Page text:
Tucson City Council approves curfew

TUCSON, AZ (3TV/CBS 5) -- Tucson's City Council unanimously approved a mandatory curfew Tuesday evening in response to the rise in COVID-19 infections.

Council members voted 6-0 to begin the new curfew this Friday, Dec. 4, and it will run until Dec. 23. The curfew hours will be 10 p.m. to 5 a.m. daily. 

Mayor Regina Romero originally proposed the curfew would start at 8 p.m. to 5 a.m., but the council agreed to move the start time an hour later. That could all change if the Pima County Board of Supervisors approves their curfew, which would start at 9 p.m.

The curfew will go into effect on Friday Dec. 4, at 10 p.m. The order requires “all persons are prohibited from using, standing, sitting, traveling or being present on any public street or in any public place, including for the purpose of travel.”

The city council said essential businesses like grocery stores, pharmacies and gas stations- among others- can remain open, but restaurants will only be allowed to offer food to go after 8 p.m. Venues like bars and nightclubs will have to adjust their hours as well. Tucson International Airport said travelers going to, from, or at the airport are except from the curfew.

Other exceptions to the exceptions to the curfew are:

  • All law enforcement, firefighters, paramedics or other medical personnel, and any other emergency response personnel.
  • Persons traveling directly to and from work; attending religious services; commercial trucking and delivery services; caring for a family member, friend, or animal; patronizing or operating a business that is an Essential Function; seeking medical care or fleeing dangerous circumstances; engaging in Essential Activities; and travel for any of the above services or purposes.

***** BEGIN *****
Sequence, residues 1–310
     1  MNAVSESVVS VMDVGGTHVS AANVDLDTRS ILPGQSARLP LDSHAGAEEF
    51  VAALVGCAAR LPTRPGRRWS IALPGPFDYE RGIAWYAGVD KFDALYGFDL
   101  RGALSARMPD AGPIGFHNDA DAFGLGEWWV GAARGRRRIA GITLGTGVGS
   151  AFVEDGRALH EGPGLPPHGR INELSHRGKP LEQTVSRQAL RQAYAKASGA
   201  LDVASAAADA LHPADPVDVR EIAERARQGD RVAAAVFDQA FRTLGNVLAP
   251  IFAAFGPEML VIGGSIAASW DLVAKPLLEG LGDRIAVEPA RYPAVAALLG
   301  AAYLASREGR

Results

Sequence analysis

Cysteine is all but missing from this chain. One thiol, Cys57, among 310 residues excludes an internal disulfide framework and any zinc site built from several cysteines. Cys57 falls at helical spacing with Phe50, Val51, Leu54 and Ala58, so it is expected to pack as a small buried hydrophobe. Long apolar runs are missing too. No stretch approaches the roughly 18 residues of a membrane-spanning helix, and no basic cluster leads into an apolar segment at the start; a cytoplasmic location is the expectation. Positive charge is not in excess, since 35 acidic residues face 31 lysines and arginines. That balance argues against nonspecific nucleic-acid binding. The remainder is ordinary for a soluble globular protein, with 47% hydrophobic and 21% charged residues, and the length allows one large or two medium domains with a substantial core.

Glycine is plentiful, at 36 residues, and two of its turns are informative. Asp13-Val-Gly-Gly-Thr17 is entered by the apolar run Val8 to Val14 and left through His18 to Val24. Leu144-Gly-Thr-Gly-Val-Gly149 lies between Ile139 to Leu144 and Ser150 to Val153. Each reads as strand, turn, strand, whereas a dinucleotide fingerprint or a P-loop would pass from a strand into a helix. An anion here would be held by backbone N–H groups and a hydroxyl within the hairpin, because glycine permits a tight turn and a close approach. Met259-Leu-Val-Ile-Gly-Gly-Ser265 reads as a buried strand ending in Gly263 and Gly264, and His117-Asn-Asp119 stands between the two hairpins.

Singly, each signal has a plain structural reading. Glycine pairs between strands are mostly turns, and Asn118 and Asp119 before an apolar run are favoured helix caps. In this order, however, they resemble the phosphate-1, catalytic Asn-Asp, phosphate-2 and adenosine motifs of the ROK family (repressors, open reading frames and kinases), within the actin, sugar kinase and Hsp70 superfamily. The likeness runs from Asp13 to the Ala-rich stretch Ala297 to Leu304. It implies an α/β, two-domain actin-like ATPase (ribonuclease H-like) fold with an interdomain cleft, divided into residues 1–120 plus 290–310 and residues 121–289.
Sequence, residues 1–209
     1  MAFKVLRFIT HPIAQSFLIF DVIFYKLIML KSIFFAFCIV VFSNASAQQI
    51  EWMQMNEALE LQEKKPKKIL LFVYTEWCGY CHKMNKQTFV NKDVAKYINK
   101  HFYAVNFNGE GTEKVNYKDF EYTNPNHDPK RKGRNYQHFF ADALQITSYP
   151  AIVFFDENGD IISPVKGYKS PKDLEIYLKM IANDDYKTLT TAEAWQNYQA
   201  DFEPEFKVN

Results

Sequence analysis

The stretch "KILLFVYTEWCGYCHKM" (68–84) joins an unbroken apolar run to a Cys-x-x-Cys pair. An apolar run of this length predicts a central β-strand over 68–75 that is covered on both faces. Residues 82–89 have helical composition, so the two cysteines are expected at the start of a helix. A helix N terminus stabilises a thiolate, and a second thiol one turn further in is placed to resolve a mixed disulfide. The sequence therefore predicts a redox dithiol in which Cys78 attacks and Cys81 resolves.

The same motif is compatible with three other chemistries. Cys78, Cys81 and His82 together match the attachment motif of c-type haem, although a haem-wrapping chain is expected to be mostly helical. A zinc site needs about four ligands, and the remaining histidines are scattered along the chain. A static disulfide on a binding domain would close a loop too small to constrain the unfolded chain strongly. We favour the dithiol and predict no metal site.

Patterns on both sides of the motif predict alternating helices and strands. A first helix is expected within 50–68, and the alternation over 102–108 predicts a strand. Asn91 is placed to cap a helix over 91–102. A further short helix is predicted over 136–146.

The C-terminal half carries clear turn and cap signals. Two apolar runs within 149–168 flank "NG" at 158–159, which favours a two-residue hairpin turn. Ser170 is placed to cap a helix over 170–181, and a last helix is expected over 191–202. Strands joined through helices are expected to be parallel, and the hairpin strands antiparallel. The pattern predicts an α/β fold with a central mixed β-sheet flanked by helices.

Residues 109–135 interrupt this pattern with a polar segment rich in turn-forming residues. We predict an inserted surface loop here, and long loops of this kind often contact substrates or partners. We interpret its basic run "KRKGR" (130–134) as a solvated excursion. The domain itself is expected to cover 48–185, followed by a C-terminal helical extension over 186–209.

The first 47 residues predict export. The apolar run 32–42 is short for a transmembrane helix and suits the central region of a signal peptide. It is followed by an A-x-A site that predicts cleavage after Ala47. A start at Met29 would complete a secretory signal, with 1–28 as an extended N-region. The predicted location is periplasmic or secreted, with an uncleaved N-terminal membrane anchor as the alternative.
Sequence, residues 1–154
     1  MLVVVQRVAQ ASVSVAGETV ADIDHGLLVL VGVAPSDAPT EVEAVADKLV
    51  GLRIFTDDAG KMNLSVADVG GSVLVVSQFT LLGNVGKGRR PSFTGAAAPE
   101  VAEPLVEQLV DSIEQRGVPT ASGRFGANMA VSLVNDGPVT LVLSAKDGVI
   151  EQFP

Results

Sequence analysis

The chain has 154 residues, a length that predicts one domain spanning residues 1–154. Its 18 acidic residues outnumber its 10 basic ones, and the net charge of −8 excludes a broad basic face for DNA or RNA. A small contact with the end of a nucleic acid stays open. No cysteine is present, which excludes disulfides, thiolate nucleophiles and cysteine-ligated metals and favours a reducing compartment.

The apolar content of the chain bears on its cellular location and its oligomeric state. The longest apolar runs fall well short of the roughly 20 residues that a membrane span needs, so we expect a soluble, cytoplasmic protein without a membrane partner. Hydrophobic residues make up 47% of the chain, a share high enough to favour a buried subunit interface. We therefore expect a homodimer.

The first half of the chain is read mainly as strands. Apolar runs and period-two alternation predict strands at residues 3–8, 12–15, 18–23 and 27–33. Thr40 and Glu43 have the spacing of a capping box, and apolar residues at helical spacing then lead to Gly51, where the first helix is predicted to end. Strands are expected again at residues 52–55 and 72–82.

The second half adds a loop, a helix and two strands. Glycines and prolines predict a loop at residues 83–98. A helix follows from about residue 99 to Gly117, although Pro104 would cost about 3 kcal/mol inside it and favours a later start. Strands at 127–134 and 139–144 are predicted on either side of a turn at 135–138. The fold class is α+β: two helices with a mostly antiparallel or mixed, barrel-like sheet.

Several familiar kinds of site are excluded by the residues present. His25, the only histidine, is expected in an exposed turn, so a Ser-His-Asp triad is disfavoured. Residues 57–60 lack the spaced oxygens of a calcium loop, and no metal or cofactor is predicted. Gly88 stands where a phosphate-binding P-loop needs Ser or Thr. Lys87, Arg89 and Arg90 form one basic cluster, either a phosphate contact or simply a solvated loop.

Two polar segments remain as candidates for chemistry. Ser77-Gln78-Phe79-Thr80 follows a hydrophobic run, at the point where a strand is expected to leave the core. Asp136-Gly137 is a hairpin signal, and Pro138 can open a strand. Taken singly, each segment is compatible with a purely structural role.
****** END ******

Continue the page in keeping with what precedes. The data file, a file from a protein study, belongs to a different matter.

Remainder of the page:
• Persons engaged in or traveling to perform or receive Essential Functions
  • Persons who are homeless

Tucson Mayor Romero has been calling for a citywide curfew amid the recent spike of COVID-19 cases. "It is necessary to take action today," Romero said during a webcast Monday. 

“After consulting with public health experts and local hospitals, we have determined that additional steps are necessary to control the surge of COVID-19 cases,” Romero has said.

The mandatory curfew is a preliminary step that would help avoid a stay-at-home order or a lockdown, Romero says.

The mayor Monday also called on Gov. Doug Ducey to take steps to help curb the spread of COVID-19 cases, including implementing a statewide, mandatory mask mandate and curfew. "We still need statewide action," Romero said. "The governor has waited and waited and waited and the numbers have gotten worse." 

A coronavirus relief fund is being discussed by Tucson officials for those affected.

 

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